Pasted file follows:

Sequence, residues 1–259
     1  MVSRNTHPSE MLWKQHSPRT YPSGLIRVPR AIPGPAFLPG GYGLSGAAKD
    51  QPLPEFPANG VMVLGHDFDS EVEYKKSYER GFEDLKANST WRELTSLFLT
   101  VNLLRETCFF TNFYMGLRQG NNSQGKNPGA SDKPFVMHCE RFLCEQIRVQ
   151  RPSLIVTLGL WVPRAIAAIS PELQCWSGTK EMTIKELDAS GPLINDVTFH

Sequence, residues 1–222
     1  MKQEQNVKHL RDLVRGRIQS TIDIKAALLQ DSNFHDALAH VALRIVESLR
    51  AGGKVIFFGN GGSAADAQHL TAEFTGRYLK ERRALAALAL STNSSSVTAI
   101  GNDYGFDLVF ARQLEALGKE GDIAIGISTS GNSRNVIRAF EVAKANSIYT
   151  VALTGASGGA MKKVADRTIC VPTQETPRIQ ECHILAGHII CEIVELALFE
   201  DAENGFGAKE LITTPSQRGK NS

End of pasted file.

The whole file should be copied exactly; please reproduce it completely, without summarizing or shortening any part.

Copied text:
Sequence, residues 1–259
     1  MVSRNTHPSE MLWKQHSPRT YPSGLIRVPR AIPGPAFLPG GYGLSGAAKD
    51  QPLPEFPANG VMVLGHDFDS EVEYKKSYER GFEDLKANST WRELTSLFLT
   101  VNLLRETCFF TNFYMGLRQG NNSQGKNPGA SDKPFVMHCE RFLCEQIRVQ
   151  RPSLIVTLGL WVPRAIAAIS PELQCWSGTK EMTIKELDAS GPLINDVTFH

Sequence, residues 1–222
     1  MKQEQNVKHL RDLVRGRIQS TIDIKAALLQ DSNFHDALAH VALRIVESLR
    51  AGGKVIFFGN GGSAADAQHL TAEFTGRYLK ERRALAALAL STNSSSVTAI
   101  GNDYGFDLVF ARQLEALGKE GDIAIGISTS GNSRNVIRAF EVAKANSIYT
   151  VALTGASGGA MKKVADRTIC VPTQETPRIQ ECHILAGHII CEIVELALFE
   201  DAENGFGAKE LITTPSQRGK NS